1. Check for Injected DNS Records
2. Audit Accounts for Failed/Irregular Logins
3. Review Security Warning messages and logs
4. Check for Strange Large Files
5. Audit Network Log for Abnormal Connections
6. Abnormal Protocols
7. Increased Email Activity and Spikes
As McAfee security shares, “Trust Is the Most Valuable Asset” in protecting information resources
QUOTE: Traditionally, providing security has been primarily a task of the state, but who should be responsible for safeguarding cyberspace? Who will build trust in it? Most of digital infrastructure is owned and operated by the private sector. Moreover, the majority of actors operating in the field of cybersecurity are private. The state has unique capabilities to provide security and maintain trust among people, for example, by mobilizing its unique resources and by passing and enforcing laws.
Trust is an important ingredient of security. Doubt leads to insecurity, whereas trust builds security. When there is no certainty, people seek additional security measures. In cyberspace, these measures usually refer to technical solutions to particular problems. In other words, security is produced through technology. However, addressing the question of trust this way is only part of the solution. Regulation—standards, laws, treaties, and good practices—that establishes rules of the game for cyberspace is also important. Yet the biggest challenge remains in people’s unawareness and lack of familiarity with digital technology.
It is the shared responsibility of all online actors to reinforce trust in the digital world. Thus it lies on everyone’s shoulders to strengthen cybersecurity. The state does its part by establishing national and international regulation and administrative structures needed for cooperation. It strengthens public-private partnerships and allocates powers both upward and downward to different actors. It strives to normalize people’s relationship to cyberspace and educates them to become smart e-citizens, shares information, provides services online, and counteracts threats in the digital world. It also uses market mechanisms, for example, purchasing power and the creation of incentives for companies, other organizations, and individuals to invest in cybersecurity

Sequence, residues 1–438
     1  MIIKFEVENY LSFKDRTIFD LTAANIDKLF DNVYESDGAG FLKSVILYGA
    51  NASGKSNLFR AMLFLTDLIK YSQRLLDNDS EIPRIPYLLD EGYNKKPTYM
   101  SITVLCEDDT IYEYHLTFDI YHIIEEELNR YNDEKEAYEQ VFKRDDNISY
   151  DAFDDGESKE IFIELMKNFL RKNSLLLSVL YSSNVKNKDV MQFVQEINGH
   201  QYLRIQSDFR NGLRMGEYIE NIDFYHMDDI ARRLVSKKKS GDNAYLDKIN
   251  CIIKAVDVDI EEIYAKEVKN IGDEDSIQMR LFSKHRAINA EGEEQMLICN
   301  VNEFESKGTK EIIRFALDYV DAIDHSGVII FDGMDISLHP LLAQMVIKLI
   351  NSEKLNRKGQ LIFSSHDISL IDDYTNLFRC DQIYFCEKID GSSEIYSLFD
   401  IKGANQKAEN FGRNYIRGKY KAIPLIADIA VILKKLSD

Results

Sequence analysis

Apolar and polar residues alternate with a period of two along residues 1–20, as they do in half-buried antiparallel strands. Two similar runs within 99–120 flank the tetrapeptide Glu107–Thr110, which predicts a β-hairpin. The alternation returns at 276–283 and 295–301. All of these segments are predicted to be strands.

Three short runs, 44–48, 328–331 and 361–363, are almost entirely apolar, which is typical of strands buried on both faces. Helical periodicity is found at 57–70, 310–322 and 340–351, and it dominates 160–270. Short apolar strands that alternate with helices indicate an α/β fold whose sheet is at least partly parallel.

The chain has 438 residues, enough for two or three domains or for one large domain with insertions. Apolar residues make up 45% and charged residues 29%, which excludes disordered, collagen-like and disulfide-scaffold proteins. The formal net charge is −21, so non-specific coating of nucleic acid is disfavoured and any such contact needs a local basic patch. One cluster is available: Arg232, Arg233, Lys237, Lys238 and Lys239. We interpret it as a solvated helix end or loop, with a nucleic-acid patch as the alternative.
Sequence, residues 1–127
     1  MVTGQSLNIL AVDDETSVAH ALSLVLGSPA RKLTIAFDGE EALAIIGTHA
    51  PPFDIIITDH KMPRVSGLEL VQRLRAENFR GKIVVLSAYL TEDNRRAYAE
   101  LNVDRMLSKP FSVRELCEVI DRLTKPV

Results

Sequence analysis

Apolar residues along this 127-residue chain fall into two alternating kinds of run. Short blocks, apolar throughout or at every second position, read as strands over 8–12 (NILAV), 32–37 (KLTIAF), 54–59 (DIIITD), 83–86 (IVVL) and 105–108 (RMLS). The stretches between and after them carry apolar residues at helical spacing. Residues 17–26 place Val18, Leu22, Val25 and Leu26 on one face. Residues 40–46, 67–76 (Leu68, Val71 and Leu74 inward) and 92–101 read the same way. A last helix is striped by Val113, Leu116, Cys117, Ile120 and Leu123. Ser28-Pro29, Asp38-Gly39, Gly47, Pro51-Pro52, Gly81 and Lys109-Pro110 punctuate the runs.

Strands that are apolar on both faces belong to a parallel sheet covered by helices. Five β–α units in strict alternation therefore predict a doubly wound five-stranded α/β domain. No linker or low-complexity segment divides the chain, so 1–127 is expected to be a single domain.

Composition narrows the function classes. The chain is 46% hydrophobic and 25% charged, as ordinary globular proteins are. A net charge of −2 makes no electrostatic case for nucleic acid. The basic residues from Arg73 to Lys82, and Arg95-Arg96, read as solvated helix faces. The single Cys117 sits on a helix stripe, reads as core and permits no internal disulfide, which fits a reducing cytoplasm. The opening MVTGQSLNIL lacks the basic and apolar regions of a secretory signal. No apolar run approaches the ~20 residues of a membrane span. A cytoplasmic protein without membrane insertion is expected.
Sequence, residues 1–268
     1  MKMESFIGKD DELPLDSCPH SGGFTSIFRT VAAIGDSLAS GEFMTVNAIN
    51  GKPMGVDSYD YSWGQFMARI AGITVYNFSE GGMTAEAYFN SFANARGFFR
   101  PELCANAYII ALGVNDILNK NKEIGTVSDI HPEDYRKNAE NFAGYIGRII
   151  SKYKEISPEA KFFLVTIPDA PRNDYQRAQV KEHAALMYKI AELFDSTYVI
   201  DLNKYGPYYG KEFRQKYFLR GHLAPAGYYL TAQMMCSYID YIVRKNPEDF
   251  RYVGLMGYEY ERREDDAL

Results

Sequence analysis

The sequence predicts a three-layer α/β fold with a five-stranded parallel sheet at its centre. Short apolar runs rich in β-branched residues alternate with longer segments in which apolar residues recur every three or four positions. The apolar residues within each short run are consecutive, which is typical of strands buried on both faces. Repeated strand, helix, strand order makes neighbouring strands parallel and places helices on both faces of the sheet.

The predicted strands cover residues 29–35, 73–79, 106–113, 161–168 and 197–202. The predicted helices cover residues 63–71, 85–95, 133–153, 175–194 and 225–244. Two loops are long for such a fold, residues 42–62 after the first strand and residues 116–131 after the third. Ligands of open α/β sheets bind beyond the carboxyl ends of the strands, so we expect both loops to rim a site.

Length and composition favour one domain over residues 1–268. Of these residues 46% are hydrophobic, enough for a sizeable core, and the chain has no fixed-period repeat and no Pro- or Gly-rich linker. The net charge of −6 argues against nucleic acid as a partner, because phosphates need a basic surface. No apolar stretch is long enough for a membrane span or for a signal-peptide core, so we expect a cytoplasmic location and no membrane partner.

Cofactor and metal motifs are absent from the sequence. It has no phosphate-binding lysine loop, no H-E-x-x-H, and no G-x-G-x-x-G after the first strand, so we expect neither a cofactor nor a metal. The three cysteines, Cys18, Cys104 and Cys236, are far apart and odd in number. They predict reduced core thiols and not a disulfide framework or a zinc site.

This study shares that LONGER passwords are more protective than extensive use of special characters in shorter passwords. Several additional key findings are also shared in this study.
An automated tool can crack a completely random eight-character password including all four character types such as “N^a&$1nG” much faster than a 28-character passphrase including only upper- and lower-case letters like “GoodLuckGuessingThisPassword”. If for the purposes of this estimate we assume the attacker knows the length of the passwords and the types of characters used, “N^a&$1nG” could be cracked in approximately 3.75 days using one AMD R290X GPU. In contrast, an attacker would need 17.74 years to crack “GoodLuckGuessingThisPassword” using the same GPU.